I take for granted that I can hug my son and kiss him. I can pick him up and cuddle him and as much as this is for Ollie, I enjoy it as a parent. There was a moment when my dad tussled my hair when saying goodnight and I initially felt annoyed and then I immediately remember how it feels touch Ollie's head. Then instead I felt love through that gesture.

Another new year’s trip done, back to “reality.” While I’m tired from the plane ride, my heart feels refreshed from the love of my family.

Friday, January 1, 2016

30 Days Dry – Part 4: What Drinking Means To Me

When I taste that first sip of beer, I am reminded of how my mom first started going out with my dad because he liked how she enjoyed drinking beer. When I hear the rattle of ice against the side of my high ball glass full of whiskey, I'm transported back to my childhood bedroom. Listening in the dark as I lay in my bed, I would wait until I heard the sound of the ice in my dad’s whiskey glass as a signal that he was home from a late night at work. Only then would I feel relaxed and let myself slip into sleep. In the soft warmth that comes from a great drink I am reminded of the camaraderie and the joy of times with friends, sharing drinks, helping me learn to stop trying to be someone else and to love being myself.

Alcoholic beverages are as central to many cultures’ identity as fashion, cuisines, art and music. You can understand Italian culture without knowing great Italian operas, but you miss experiencing something profound about being Italian without knowing these great works of art. In the same way drinking an American lager will bring you an understanding of Midwestern working class roots in a way that few other experiences can.

Wines, beers, liquors and spirits are powerfully personal and culturally significant. My understanding of these beverages has connected me with my family and my cultural history. I have extended family members who barely speak English that only through drinking whiskey have we crossed cultural barriers and created meaningful memories.

As a second-generation immigrant, learning about American drinking culture in college and beyond has helped me make sense of a world that far too often, still feels foreign. Each new drink I tried and each new tradition I participated related to drinking brought me closer to what it meant to be American.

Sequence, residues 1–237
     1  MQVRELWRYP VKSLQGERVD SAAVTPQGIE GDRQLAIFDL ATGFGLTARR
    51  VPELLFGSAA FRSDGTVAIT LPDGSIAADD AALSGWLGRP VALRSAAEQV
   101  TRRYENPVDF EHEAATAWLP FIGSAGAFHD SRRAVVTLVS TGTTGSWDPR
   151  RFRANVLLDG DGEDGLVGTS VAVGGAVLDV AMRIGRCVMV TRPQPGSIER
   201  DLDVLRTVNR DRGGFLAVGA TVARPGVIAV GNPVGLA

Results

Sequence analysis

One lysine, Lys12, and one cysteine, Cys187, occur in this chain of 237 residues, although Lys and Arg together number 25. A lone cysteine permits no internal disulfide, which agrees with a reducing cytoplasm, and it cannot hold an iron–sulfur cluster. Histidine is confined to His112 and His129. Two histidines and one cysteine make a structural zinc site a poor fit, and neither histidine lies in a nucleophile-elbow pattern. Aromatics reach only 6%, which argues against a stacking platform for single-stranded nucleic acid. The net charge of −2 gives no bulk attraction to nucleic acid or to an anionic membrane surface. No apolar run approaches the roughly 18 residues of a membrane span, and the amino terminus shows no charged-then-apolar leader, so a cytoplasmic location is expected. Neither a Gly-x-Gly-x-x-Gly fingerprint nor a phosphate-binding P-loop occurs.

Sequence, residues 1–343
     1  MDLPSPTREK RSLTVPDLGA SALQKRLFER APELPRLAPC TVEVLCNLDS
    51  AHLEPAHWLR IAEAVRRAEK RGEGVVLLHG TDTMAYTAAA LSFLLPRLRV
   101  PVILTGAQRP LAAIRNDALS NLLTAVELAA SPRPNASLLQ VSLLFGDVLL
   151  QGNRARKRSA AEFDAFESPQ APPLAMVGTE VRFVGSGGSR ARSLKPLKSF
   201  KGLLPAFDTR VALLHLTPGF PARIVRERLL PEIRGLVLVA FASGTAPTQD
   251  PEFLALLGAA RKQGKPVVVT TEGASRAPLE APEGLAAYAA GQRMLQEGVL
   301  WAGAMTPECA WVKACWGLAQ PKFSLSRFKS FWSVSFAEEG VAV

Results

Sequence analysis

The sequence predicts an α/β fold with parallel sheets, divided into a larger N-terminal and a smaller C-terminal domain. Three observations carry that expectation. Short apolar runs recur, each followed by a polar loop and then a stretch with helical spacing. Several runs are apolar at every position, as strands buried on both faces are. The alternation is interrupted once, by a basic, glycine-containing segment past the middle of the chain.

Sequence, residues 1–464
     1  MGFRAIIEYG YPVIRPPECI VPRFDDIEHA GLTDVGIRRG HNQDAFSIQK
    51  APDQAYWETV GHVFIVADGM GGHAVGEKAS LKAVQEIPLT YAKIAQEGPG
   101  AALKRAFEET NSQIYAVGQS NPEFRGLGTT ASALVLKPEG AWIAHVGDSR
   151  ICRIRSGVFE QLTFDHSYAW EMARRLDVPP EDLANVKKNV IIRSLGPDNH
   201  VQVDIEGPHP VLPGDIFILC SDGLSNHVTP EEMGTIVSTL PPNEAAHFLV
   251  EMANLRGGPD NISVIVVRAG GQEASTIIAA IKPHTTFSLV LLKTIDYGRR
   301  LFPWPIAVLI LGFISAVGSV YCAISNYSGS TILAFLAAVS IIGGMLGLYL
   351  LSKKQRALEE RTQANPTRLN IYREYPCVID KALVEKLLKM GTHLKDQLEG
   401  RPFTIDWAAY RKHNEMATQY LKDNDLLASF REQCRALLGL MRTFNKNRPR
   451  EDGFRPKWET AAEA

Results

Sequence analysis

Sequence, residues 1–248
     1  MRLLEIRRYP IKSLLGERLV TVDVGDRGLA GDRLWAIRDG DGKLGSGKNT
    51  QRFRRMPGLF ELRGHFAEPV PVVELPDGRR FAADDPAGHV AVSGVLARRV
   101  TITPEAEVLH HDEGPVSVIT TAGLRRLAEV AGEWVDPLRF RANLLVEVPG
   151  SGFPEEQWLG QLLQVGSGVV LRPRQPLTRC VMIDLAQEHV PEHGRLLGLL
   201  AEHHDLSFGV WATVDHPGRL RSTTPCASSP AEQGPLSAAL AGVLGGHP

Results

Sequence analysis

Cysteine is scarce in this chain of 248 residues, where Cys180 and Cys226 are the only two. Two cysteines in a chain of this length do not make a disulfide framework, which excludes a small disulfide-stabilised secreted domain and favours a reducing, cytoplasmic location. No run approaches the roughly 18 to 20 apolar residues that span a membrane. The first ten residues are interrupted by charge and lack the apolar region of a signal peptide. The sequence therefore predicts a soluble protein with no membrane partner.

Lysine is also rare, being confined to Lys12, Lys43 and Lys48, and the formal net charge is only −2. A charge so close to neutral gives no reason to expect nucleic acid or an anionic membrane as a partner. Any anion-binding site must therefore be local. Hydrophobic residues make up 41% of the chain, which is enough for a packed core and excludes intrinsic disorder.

In each sip of an alcoholic drink I feel my culture and my family. I feel closer to the world around me, connecting with generations of artisans that contributed to the creation of what I am enjoying. I am also sharing an experience with people around the world and through time who have drank the same beverage that I am enjoying.

The process of distilling, brewing and fermenting has the potential to create unparalleled flavors with wonderful nuances and complexity. Like a great opera, knowing a great whiskey takes work, exposure and expertise to appreciate. And like with a masterpiece of an aria, after learning about a great whisky, the experience of drinking that great spirit can be an emotional and beautiful experience.

It's not all about high art. Like a hot dog on a Fourth of July cookout, even a mediocre beer with the right friends can help create unforgettable eating experiences.

On the same section in a store that you can find artfully crated spirits that reflect great human achievement built on years of study and innovation you can also find lower down on a bottom shelf, mass-produced beverages only drunk for escapism. It is in these extremes that we find the best and the worst of the human experience of drinking alcohol. In that top shelf you find the beauty of human expression through flavor and tradition and in the bottom shelf there is only a stale taste that reflects the burden of a pleasure turned into a darkness that clouds one's soul in regret.

To love alcohol is to know what it can bring to life and what it can take away. Alcohol can feel both essential and extraneous, inspiring and depressing. It is a force that has brought families together and torn families apart. Alcoholic beverages for some bring out the best in us but in others bring forth the worst parts of our humanity.

I really enjoy drinking but I've taken this break because it seems like far too often drinking was not a culturally meaningful experience. It was simply a way to escape. I have my stress and my difficulties but I have a blessed life and never did the escapism of drinking alcohol make me feel better about the challenges in my life.

My relationship with alcohol continues to evolve. If I find myself missing the meaningful experience of drinking, I will take a break, like a recently have to reevaluate. Someday, I will probably walk way from drinking for good. Will I miss it? I hope so, and for the right reasons. If I miss it for the wrong reasons than it'll be a confirmation that walking away truly is for the best.